Fall is starting off with a whimper at the box office, as the combined domestic box office failed to reach $100 million for the fifth weekend in a row this weekend. Antoine Fuqua‘s middling-reviewed The Magnificent Seven remake landed at number one with $35 million, beating out fellow new wide release Storks, an animated film from Warner Bros., which managed just $21.8 million for the weekend, which was down 25% from the same weekend last year. This time last year, the top two films were Hotel Transylvania 2 and The Intern. See, you want to blame bad box office results on mediocre movies, but then the big money earners are always just as mediocre.
Magnificent Seven scored an A- from audiences on Cinemascore and a 62% recommended rating among critics at Rotten Tomatoes on the way to its top finish. Which is good but not great for the $90 million budgeted (before marketing) superhero-style Western (though it does count as a top five or six-ever opening for the month of September). Still, most analysts are expecting it to top out in the low $100 million range, which would be good, but not spectacular.
Storks, meanwhile, played far below expectations at $21 million on a $70 million budget. It also earned an A- Cinemascore (an A+ from those under 25, for whatever that’s worth) and a 64% RottenTomatoes score. The response seems to suggest “not as dumb as it sounds!” which is rarely a good omen for a film’s box office chances. It might play longer based on word of mouth, but word of mouth isn’t that strong. Adding to its chances is the fact that the next major animated movie, Trolls, doesn’t open until November. Ugh, Trolls. That movie is like the Power Rangers movie, if “Power Ranger” had spent the last 15 years becoming a euphemism for cyber bullying.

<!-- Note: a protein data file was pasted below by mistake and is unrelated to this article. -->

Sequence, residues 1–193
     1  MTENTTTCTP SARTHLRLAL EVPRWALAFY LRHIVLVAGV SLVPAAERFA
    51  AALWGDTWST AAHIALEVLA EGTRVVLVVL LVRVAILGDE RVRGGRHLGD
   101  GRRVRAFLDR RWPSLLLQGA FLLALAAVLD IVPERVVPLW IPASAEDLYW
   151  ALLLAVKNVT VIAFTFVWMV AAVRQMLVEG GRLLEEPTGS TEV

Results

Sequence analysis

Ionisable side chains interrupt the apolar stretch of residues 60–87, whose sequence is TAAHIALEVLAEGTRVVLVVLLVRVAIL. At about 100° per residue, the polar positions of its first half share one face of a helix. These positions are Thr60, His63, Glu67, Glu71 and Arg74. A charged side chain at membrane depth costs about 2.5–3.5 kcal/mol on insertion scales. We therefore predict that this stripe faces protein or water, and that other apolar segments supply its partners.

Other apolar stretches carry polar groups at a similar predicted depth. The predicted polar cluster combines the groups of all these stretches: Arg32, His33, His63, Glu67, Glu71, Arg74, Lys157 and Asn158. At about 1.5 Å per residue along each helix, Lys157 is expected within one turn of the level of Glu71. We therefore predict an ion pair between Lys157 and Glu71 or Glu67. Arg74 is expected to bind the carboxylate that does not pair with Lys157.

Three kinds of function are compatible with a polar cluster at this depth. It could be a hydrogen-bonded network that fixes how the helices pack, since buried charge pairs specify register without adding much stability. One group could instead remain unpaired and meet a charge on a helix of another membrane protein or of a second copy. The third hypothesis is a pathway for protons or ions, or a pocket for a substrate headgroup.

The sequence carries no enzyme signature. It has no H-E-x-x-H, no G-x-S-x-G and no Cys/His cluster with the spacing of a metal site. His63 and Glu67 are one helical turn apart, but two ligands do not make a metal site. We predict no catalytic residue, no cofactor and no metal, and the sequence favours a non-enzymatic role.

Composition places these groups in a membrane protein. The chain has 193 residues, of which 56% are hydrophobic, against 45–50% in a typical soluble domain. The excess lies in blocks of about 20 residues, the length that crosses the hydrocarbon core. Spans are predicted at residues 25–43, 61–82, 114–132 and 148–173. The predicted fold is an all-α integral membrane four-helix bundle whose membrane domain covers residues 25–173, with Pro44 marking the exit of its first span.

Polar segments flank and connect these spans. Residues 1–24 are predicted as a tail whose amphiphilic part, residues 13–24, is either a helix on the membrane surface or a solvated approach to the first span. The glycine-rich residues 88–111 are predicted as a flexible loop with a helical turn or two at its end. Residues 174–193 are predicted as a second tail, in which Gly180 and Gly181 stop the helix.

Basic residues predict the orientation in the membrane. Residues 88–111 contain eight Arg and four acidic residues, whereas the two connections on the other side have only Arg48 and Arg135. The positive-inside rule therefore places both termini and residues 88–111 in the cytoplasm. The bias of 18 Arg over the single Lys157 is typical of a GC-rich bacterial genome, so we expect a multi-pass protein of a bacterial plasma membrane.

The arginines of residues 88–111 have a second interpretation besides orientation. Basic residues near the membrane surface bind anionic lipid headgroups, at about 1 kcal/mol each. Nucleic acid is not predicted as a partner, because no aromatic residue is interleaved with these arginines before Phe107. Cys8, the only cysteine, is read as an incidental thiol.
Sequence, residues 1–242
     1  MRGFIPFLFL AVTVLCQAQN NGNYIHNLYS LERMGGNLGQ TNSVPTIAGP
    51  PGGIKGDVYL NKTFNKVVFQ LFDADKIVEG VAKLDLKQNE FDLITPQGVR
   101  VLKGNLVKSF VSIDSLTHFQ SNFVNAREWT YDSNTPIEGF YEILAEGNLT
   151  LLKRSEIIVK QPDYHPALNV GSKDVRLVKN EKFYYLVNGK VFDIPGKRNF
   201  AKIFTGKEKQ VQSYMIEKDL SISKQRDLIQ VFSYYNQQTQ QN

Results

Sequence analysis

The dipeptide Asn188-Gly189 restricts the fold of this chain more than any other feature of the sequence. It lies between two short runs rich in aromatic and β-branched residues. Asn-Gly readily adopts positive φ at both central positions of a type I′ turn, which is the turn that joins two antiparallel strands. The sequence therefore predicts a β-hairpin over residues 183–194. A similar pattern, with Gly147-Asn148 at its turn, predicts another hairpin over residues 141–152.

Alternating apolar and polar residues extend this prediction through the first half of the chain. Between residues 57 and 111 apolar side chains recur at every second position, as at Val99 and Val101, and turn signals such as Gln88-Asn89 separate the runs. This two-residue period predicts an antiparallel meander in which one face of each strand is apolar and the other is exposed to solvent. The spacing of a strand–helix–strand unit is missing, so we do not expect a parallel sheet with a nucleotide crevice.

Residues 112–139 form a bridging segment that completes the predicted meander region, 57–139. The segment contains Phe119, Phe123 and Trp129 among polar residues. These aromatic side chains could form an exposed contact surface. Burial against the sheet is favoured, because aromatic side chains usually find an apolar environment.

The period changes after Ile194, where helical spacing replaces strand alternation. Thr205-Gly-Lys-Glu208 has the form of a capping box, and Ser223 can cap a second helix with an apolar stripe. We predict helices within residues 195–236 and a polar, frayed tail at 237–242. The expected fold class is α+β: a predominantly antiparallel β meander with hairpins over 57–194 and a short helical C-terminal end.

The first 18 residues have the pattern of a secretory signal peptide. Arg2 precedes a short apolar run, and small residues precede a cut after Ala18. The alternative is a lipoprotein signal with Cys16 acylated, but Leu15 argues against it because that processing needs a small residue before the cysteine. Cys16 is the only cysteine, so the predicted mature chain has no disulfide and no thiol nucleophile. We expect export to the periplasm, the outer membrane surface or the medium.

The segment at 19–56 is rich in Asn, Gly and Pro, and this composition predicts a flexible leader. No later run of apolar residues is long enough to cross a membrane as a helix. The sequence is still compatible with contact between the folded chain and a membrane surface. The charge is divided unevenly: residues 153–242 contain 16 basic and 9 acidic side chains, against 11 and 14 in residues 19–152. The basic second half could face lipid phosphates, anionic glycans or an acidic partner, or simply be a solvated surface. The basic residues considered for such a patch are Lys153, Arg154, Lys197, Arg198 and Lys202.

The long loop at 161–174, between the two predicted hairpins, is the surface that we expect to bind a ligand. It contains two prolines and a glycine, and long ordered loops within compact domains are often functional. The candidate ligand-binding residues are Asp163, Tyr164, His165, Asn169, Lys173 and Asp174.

Last week’s releases (which all opened weak) mostly held fairly well, with Bridget Jones’ Baby easing 47% and Snowden easing 48%, to $4.5 and $4.1 million, respectively. Of course, Bridget Jones is doing a lot better, thanks to a worldwide take of $83 million thus far (Snowden hasn’t opened overseas yet). Sully, the dad rock of movies, has grossed $92 million so far.
Meanwhile, the other of last week’s new releases, Blair Witch, fell a steep 59%, adding $3.95 million for a total of $16 million so far. Hey, that’s still more than three times the production budget ($5 million). That one received a D+ Cinemascore, which, as I noted in last week’s round-up, is the worst Cinemascore I’ve seen since I started writing this column. This week, Box Office Mojo points out that other movies to have received a D+ Cinemascore include King Kong Lives (1986), The New World, and Punch-Drunk Love. Aw, man, I like Punch-Drunk Love. You think people went expecting The Wedding Singer? Cinemascore is weird. Also, people are mind-blowingly dumb.
Next week brings us Queen of Katwe expanding wide (A+ Cinemascore, 90% RottenTomatoes), Tim Burton’s Miss Peregrine’s Home For Peculiar Children, which sounds like a sketch making fun of Tim Burton, Mark Wahlberg trying to plug holes in Peter Berg’s Deepwater Horizon, and the long-delayed Jared Hess comedy, Masterminds.
|1||The Magnificent Seven||$35,000,000||$9,526||$35,000,000|
|4||Bridget Jones’s Baby||$4,520,000 (-47.3)||$1,543||$16,457,000|
|6||Blair Witch||$3,950,000 (-58.8)||$1,266||$16,128,000|
|7||Don’t Breathe||$3,800,000 (-32.6)||$1,559||$81,110,000|
|8||Suicide Squad||$3,110,000 (-33.9)||$1,432||$318,133,000|
|9||When the Bough Breaks||$2,500,000 (-54.4)||$1,731||$26,613,000|
|10||Kubo and the Two Strings||$1,103,000 (-56.6)||$912||$45,954,000|
[chart via ScreenCrush]